Similarly to this, Shay’s rebellion farmers, lead by the ex-military officer who “…[stopped] the courts of justice in several counties..
.crying out for a paper currency, [or] for an equal distribution of power” [Document G]. Shay’s Rebellion was a representation of the economic troubles faced by the majority of people in the United States. With respect to social changes, while the lives of white men remained virtually the same, women and slaves both experienced varying amounts of change after the revolution ended.. The change for women was rather minimal because they would not win the fight over suffrage for another 140 years, but this was the beginning of the recognition of gender equality.
One example of this beginning is a woodcut of a woman holding a rifle and a gunpowder horn [Document A]. This portrays the life that was lived by women during that era of war, showing that they fought alongside the men . After the war had ended, it was not the same for women, because they did not necessarily want to go back to their old life of household chores after playing a part in the fight for independence. Another example of the beginnings of the fight for gender equality is a valedictory address by Molly Wallace at the Young Ladies’ Academy of Pennsylvania [Document J]. She infers that discussion of educational opportunities for women was on the rise as women began to challenge the concept of “separate spheres.” Another example of women’s participation in society was Debora Sampson.
Sampson disguised herself as a man during the American Revolutionary War so that she would be able to fight in the Continental Army. She is one of a small number of women with a documented record of military combat during the revolution. Although for the women they felt that after the war they would return and things would be different for them, they weren’t. The American Revolution had in fact, not greatly altered society’s perception of the role of women. It is clear that this is true when the comparison of the wishes of the women of that time, and what actually materialized. The women wanted to become equal with the men, but in reality, this concept would not be accepted for another 140 years.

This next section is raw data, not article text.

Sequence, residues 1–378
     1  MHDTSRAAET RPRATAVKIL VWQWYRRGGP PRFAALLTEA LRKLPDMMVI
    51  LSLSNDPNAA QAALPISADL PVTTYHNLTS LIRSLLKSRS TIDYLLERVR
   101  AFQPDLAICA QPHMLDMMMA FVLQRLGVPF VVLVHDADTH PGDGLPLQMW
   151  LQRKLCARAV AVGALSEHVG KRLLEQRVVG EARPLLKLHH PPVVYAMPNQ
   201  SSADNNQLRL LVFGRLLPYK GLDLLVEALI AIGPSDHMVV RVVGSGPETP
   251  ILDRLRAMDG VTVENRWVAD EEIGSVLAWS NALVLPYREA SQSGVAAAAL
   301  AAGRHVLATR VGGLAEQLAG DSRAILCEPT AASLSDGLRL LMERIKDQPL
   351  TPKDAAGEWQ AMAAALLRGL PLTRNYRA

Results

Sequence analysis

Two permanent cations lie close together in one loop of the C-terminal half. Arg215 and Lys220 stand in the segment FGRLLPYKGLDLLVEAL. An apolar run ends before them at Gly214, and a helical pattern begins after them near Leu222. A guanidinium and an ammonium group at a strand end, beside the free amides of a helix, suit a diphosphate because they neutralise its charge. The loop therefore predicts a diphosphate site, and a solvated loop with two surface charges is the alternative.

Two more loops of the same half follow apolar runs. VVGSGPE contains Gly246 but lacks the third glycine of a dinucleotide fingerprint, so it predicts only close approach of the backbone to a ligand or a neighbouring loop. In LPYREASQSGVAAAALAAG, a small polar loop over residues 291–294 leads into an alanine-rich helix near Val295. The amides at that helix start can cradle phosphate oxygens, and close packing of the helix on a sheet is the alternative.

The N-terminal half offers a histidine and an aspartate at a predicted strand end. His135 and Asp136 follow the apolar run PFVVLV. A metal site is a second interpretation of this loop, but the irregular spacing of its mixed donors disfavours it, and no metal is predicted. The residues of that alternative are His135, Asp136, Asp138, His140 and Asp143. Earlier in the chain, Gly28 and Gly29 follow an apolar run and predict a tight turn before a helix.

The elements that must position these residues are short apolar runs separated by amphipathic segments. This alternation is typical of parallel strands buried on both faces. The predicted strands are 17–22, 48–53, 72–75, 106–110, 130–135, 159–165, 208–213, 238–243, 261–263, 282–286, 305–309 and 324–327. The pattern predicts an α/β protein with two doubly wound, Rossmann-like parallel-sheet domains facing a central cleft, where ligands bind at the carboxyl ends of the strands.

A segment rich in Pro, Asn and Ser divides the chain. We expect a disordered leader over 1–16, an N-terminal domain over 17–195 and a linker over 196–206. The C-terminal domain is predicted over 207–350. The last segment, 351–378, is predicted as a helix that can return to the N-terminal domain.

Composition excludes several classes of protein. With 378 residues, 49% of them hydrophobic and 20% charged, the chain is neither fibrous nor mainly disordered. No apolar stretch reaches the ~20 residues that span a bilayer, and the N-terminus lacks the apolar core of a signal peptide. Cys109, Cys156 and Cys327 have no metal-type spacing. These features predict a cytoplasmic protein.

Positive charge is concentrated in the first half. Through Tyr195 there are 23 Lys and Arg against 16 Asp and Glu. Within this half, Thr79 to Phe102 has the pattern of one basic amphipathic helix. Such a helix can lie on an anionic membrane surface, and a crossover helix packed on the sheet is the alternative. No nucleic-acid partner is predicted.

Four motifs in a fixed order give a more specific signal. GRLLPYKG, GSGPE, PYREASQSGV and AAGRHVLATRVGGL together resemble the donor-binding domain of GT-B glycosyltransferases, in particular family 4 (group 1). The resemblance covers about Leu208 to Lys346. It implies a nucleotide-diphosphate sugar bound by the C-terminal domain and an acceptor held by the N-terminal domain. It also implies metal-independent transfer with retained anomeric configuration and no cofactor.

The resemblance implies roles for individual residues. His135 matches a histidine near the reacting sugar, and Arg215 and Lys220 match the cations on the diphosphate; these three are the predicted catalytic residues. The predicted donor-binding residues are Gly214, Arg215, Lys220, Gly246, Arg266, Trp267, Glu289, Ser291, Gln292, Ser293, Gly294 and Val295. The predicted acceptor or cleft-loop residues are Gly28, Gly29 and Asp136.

On the other hand, slaves, depending on the region, experienced great amounts of change during this time. For example, in a Pennsylvania Packet Editorial [Document B], the ideas of America being a land of free men began to emerge. Although this is not directly related to slavery, it shows that the ideas behind universal freedom were beginning to show themselves. The largest example from the time period of this emergence is an Ordinance for the Government of the Territory of the United States Northwest of the Ohio River [Document H]. This ordinance, when put in place, banned slavery in all U.
S. territory north of the Ohio River. This is evidence of fundamental social change during the time period. Also, this directly relates to the 3/5 Compromise because the 3/5 Compromise was the first time that slaves were actually being counted as people, not just objects that were owned. Overall, politically, Americans experienced larger amounts of change when they forged a new government even with the revisions made.
Economically, the common-people still lived in a society where they were lesser people than the elites. However changes did occur involving women and slaves. In these ways, American society experienced change in respect to political and social life, but not economically.